Family history research involves finding names, locations, dates and stories, beginning with you and working back through time. The best way to proceed is, as the popular saying in genealogy goes: Start with what you know.
Start with yourself, your father, and your mother. Gather together the information you have, such as names, dates/places of birth and/or death, and dates/places of marriage. Place the information that you have on an ancestry chart.
Search your own records—talk to other family members, review deeds, look at Bibles, scrapbooks and photo albums, etc. Who are the "keepers" in the family? See what information you can find about your family before heading to the Library or going online. Remember that while many records that assist researchers with family history are online, many others are only available in a variety of formats at libraries, including MNHS's Gale Family Library.
After collecting and recording the information you already know, your next step is to make as list of what you want to find out.
For each person you want to research, ask yourself what information do you need? Make a list for each person.
For example, you want to find out where Grandpa was born. You know he was 90 when he died in 1976.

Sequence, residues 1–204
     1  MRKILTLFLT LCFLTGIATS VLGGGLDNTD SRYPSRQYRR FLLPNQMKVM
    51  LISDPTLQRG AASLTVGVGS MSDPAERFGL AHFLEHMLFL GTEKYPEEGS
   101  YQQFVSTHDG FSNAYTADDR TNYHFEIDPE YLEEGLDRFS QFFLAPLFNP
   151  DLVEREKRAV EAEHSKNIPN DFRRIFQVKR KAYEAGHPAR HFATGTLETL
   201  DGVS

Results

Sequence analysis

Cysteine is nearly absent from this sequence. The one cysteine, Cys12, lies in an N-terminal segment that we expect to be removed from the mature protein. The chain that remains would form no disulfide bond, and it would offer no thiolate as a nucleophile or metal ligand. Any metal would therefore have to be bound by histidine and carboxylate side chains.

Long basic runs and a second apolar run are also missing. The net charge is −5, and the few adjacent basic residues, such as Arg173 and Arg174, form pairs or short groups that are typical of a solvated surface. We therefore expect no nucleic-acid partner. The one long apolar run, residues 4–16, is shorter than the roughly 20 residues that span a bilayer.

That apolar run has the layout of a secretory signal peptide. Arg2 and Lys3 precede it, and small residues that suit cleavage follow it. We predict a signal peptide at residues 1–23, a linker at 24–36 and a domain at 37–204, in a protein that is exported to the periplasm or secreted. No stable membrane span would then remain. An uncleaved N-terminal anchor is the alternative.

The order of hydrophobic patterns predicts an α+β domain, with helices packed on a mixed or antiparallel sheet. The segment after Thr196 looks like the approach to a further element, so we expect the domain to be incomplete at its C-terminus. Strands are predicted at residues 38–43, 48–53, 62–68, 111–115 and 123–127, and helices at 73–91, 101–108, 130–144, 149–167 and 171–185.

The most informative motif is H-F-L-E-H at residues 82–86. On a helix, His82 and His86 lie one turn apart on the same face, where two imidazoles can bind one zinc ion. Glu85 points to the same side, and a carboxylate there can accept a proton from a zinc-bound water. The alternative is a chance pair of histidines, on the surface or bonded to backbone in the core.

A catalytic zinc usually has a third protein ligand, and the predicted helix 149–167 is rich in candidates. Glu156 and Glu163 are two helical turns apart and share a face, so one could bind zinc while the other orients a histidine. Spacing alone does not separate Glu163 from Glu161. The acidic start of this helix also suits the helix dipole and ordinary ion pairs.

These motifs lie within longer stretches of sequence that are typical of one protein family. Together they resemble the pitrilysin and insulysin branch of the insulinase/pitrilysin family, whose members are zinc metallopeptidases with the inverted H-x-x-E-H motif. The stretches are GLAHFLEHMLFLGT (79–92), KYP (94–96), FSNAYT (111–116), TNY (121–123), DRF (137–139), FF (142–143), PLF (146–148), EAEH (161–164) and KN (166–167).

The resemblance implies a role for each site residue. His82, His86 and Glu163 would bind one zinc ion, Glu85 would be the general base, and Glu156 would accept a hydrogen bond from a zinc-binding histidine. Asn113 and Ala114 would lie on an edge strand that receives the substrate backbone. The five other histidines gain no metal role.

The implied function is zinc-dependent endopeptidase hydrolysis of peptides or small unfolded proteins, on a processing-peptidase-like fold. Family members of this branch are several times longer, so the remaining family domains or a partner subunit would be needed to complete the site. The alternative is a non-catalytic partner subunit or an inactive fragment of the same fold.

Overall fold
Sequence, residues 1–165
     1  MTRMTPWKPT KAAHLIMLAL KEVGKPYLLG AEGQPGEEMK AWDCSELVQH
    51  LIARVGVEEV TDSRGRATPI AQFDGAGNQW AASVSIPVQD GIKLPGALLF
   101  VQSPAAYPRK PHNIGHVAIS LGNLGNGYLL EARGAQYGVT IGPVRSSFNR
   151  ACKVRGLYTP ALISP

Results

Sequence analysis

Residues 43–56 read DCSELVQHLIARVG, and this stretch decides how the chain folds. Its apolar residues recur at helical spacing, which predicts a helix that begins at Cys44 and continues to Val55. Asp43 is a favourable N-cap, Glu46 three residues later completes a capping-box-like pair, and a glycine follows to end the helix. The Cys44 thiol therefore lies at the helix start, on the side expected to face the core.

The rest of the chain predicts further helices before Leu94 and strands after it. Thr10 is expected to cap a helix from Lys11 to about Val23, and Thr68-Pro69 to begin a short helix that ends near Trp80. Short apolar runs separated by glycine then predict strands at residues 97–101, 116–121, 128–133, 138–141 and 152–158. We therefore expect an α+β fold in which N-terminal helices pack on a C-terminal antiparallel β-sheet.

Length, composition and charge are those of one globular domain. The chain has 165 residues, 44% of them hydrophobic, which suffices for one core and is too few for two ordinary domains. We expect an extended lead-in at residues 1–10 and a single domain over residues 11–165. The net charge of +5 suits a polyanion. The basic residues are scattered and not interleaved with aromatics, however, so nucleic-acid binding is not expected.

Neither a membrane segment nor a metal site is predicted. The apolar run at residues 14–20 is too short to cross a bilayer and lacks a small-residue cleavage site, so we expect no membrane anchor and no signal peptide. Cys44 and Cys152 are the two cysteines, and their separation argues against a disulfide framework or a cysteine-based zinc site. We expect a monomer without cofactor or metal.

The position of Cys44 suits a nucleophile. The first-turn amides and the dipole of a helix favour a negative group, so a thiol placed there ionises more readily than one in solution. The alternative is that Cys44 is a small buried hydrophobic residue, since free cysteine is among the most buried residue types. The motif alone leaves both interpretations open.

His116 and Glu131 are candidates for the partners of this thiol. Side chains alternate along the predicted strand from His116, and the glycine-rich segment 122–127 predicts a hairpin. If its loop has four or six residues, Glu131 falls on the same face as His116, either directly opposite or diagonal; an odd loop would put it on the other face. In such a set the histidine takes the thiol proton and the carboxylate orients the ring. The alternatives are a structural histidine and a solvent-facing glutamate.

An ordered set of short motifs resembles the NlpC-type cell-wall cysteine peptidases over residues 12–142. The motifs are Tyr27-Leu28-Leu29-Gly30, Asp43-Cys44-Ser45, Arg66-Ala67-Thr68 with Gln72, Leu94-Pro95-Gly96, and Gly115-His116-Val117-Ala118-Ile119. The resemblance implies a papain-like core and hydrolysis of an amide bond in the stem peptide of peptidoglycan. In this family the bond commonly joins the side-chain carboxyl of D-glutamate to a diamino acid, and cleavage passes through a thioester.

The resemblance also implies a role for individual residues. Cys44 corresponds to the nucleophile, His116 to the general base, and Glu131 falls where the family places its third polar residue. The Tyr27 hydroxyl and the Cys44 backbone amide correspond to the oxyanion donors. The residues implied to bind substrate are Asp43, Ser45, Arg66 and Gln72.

You need to determine:
Some tips for making your visit efficient and productive:
Determine the kind of record you need and the authority that created it.
|If you need:
|birth or death records, christening records, cemetery transcriptions and records, parents' church records, family Bibles, letters, censuses, obituaries
|death certificates, burial records, cemetery transcriptions and records, church records, family Bibles, letters, census mortality schedules, Social Security Death Index
|county records, family Bibles, letters, church records, wedding photos
|naturalization & immigration
|naturalization records from courts (local, county, state, and federal), census records
|locations & addresses
|census records, city directories, historical maps
|district court civil case files, district court judgment books, orphanage and institutional records, birth records
|district court civil case files, district court judgment books
|wills & probate
|probate court case files, probate court registers of actions, county will books
|adjutant generals reports, muster rolls, service record cards, draft registration lists, veterans grave reports, bonus records
|plat maps, deeds, county property tax and assessment rolls, allotment records, homestead records
Evaluate what you found. What clues for further research have you found? In some instances you may need to consult several resources to locate the piece of information that you are seeking. Check various spellings of the name you are researching since that can change over time.